Sales tax bills pass Senate

Published 5:51 pm Tuesday, January 25, 2022

Two competing bills that would each allow Isle of Wight County to raise its sales tax 1% to fund school construction projects passed Virginia’s Senate this week.

State Sen. Tommy Norment (R-Williamsburg) had proposed legislation last year that would have made Isle of Wight the 10th Virginia locality authorized to enact the tax, which passed the Senate but stalled in a House of Delegates subcommittee. Norment reintroduced the legislation as Senate Bill 37 for the 2022 session, which also passed the Senate in a 27-12 vote on Jan. 24.

Dissenting votes came from Sens. Amanda Chase, John Cosgrove, Bill DeSteph, Emmett Hanger, Jennifer Kiggans, Ryan McDougle, Stephen Newman, Mark Peake, Bryce Reeves, Richard Stuart, and David Suetterlein — all Republicans.

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Then, on Jan. 25, the Senate passed Senate Bill 472, which would allow any Virginia locality the option of raising its sales tax 1% via a referendum to fund school construction projects — effectively doing away with Virginia’s past practice of approving piecemeal requests from localities for the sales tax option.

Senate Bill 472, sponsored by state Sen. Jennifer McClellan (D-Richmond), passed with a 28-12 vote. The bill secured 22 “aye” votes from Democrats and another six “ayes” from Republicans, including Norment.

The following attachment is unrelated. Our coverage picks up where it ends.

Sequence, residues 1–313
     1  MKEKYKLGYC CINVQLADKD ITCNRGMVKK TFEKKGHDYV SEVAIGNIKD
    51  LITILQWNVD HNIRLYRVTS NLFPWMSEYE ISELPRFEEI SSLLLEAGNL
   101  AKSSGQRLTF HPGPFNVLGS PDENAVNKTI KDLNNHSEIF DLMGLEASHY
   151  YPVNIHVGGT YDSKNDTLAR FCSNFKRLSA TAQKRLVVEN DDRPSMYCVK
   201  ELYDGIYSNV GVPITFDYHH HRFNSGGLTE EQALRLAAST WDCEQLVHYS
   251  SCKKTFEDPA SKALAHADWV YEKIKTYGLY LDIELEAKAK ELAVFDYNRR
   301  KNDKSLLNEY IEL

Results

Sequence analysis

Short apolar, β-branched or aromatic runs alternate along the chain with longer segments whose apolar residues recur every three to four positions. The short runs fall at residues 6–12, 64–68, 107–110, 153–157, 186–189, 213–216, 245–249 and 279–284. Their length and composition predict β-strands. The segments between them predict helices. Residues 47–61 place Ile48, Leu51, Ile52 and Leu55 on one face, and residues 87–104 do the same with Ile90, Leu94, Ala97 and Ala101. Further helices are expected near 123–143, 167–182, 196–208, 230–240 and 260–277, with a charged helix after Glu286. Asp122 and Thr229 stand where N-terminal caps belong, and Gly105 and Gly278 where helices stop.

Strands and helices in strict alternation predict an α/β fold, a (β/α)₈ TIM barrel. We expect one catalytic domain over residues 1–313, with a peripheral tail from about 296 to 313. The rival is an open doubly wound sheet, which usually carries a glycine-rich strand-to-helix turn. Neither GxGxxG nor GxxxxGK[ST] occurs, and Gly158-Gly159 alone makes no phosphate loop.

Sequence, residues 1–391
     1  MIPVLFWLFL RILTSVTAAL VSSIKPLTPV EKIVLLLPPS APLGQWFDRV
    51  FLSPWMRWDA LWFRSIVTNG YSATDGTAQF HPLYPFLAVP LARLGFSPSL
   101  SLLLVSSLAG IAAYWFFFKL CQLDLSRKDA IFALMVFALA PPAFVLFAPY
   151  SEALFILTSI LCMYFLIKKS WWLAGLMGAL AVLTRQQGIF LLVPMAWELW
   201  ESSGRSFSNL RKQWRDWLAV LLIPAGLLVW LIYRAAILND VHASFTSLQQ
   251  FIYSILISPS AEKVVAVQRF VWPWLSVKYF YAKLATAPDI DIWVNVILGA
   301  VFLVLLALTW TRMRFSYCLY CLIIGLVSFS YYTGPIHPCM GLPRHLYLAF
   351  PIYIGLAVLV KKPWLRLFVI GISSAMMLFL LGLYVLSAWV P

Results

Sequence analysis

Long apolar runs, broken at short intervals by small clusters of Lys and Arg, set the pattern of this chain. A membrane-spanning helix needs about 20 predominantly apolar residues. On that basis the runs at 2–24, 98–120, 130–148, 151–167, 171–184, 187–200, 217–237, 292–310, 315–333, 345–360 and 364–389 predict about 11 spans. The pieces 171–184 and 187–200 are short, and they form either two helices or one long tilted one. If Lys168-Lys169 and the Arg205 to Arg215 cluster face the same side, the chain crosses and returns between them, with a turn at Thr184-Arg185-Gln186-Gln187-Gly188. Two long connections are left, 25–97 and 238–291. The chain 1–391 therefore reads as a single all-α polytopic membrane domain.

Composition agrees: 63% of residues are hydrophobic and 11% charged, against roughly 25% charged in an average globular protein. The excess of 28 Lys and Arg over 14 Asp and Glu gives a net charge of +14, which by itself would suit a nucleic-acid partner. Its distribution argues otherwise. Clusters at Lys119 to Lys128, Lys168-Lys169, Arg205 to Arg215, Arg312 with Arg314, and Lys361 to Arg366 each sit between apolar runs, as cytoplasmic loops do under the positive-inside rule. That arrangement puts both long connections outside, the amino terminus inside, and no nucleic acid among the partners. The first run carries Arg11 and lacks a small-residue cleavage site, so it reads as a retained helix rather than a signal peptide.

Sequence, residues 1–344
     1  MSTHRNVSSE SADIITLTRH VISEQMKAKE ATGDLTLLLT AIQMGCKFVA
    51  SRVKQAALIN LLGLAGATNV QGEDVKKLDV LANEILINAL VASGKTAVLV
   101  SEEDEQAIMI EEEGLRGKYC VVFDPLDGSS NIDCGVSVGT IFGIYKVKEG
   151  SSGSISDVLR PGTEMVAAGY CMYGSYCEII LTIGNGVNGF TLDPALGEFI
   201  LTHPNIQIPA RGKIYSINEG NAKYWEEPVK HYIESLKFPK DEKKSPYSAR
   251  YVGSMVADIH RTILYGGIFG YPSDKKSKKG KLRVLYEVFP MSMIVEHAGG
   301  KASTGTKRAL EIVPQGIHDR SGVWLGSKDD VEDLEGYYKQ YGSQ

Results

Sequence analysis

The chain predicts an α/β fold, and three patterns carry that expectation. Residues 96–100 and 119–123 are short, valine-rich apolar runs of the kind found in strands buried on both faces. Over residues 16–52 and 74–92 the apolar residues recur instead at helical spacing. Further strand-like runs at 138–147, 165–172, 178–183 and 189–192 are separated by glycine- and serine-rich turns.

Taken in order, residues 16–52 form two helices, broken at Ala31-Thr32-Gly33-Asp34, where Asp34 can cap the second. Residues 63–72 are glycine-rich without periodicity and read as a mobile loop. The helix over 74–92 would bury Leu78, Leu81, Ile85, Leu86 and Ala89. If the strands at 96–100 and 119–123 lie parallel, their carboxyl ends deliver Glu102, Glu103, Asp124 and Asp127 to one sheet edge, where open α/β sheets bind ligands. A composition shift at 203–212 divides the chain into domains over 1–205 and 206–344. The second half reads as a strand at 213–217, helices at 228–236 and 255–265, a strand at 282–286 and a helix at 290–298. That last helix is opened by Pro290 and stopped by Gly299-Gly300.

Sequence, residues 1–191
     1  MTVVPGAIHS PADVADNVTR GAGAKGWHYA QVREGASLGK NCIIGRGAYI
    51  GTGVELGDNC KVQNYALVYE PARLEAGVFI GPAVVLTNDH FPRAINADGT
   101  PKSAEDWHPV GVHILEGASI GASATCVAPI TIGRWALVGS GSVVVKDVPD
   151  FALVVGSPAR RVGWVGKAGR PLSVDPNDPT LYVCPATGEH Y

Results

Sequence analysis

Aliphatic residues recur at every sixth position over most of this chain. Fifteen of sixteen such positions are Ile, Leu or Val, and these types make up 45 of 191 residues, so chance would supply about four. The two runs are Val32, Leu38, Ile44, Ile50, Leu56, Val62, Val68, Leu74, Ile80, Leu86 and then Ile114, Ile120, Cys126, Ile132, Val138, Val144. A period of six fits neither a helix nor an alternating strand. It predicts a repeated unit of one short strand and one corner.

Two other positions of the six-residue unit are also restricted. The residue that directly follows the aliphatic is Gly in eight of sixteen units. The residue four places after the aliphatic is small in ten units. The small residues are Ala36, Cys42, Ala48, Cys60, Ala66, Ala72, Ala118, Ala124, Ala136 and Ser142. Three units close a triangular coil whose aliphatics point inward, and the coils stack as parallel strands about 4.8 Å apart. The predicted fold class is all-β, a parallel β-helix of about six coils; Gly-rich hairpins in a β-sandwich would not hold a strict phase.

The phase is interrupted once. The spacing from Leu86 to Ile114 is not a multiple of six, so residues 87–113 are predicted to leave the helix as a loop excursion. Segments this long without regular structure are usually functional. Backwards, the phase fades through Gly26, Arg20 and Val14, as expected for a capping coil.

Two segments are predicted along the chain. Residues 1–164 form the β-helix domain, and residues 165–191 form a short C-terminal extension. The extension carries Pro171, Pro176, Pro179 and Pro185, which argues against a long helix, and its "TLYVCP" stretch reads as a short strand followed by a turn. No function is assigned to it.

The same 12 Republicans who voted against Norment’s bill also voted against McClellan’s.

Isle of Wight officials had hoped to use the resulting revenue in lieu of raising real estate taxes to fund the replacement of the county’s Hardy and Westside elementary schools — both of which date to the 1960s.

The county had borrowed $34 million in 2020, budgeting $27 million for the Hardy project, but inflation and a pandemic-induced supply chain breakdown drove the cost to $36.8 million last year — resulting in a new $10 million gap in available funds. The cost of supplying water to the new school and surrounding area also increased from a 2020 estimate of $2.2 million to roughly $4.8 million as of December.

Isle of Wight’s Board of Supervisors voted on Jan. 20 to proceed with plans to borrow an additional $19 million for Hardy and other capital needs. The move would effectively defund and postpone the county’s plans for Westside, unless another revenue source is found.

Isle of Wight’s School Board has scheduled a special Jan. 26 meeting in Westside’s auditorium to discuss, among other matters, the school system’s long-term plans to replace the grades 4-6 school with a larger middle school that would house grades 5-7. The meeting will begin at 6 p.m., and include a tour of the current Westside’s facilities.